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young woman sitting car with electric scooter

How do electric scooters compare to other modes of transportation? 

With concerns about overcrowding on public transport and finding sustainable alternatives to cars, many people turn to two wheels for their means of transportation. And with the rise of electric scooters, it’s easier than ever to get from A to B.

Despite the negative media narratives surrounding electric scooters, they are part of the micro-mobility solution that could reduce our carbon footprint, increase public transport access, and save people money. It seems the public is voting with their wheels; UK cycling retailer Halfords cited growth in e-mobility products of 184% in 2020. Soon enough, infrastructure and government legislation will change to catch up and adapt to the new normal of fewer cars and more micro-mobility vehicles in our cities and beyond. Read on to find out how electric scooters stack up against other modes of transport.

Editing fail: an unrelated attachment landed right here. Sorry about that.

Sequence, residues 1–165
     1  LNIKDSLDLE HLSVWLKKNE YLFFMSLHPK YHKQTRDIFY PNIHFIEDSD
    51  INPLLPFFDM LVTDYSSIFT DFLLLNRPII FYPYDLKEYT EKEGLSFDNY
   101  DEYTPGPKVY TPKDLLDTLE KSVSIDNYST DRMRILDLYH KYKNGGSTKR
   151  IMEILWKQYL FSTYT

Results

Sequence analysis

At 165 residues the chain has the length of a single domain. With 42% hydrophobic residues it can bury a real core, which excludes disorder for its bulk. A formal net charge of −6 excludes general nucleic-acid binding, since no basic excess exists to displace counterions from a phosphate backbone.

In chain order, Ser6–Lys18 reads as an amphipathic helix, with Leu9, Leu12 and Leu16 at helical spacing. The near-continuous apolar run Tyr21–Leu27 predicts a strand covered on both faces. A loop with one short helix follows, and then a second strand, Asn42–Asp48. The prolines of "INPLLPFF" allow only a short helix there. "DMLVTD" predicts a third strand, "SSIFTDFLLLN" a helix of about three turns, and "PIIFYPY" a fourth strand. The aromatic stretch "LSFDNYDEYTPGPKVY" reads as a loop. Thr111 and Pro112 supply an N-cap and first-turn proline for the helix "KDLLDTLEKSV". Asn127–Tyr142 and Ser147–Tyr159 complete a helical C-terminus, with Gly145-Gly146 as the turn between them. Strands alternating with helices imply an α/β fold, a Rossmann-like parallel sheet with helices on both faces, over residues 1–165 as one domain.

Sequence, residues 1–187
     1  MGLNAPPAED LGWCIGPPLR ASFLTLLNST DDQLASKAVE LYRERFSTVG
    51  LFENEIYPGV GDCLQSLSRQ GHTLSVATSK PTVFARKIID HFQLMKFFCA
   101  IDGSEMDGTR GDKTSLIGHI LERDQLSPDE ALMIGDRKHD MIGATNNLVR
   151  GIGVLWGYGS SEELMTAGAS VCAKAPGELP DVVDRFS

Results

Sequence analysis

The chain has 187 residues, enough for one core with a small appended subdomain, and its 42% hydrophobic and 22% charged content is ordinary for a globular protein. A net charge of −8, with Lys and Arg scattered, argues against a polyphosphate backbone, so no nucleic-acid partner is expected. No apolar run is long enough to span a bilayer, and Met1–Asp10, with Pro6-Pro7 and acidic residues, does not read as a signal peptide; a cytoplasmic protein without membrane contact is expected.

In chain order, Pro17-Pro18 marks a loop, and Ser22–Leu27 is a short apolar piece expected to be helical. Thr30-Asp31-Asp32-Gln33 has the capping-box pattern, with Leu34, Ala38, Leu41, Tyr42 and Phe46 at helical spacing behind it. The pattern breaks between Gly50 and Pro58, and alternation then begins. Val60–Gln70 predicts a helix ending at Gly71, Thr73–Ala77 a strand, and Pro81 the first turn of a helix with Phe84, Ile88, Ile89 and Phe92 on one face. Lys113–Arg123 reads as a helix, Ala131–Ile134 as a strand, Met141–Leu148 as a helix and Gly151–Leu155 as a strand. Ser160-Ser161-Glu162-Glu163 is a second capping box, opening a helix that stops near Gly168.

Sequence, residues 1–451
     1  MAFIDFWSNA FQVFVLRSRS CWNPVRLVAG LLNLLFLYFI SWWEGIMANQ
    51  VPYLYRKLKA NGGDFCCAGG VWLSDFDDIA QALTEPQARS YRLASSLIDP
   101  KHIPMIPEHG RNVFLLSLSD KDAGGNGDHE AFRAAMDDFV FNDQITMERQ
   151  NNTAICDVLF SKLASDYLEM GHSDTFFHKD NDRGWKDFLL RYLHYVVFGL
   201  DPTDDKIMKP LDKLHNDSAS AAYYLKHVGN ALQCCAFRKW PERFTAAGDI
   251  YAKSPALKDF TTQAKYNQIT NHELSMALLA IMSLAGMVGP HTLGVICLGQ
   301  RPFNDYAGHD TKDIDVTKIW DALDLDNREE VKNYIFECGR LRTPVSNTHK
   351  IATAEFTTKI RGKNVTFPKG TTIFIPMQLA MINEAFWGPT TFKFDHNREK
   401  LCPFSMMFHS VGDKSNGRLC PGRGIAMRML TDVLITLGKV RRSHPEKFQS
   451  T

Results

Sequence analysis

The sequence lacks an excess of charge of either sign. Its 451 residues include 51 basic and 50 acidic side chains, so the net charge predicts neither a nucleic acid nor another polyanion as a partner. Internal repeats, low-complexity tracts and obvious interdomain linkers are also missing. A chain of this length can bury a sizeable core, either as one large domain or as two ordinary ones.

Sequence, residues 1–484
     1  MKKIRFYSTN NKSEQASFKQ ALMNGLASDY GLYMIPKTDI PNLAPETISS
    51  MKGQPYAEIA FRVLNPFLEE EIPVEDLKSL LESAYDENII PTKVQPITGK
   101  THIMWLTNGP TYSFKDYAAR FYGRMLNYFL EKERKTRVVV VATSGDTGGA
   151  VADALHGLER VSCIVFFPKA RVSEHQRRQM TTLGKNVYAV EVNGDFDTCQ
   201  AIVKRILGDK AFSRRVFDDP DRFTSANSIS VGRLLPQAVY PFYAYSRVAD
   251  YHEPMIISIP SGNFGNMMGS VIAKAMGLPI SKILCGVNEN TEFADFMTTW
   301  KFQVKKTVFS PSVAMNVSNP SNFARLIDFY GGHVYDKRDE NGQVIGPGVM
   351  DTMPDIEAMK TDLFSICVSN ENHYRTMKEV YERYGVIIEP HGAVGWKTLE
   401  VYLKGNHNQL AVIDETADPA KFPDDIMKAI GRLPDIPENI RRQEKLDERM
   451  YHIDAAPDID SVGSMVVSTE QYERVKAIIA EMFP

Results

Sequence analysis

young woman sitting car with electric scooter

Let’s start with the basics - why are electric scooters a great mode of transport. You might want to read our blog on 5 Reasons You Should Buy an E-Scooter.

Our two-wheeled friends are:

  • Eco friendly
  • Cheap to run
  • Energy efficient
  • Fun!

Are electric scooters better than cars?

While electric scooters are cheaper upfront and long term as well as less polluting to the environment, it’s essential to consider whether they are the right solution for your personal needs. If you live in a rural area with the main facilities far away from your home or need to take a highway to get to work, a car or public transport may be your only option. However, if you live in a city, rely on a car for journeys under 5 miles or tend to use the car alone - then an electric scooter could be a great alternative.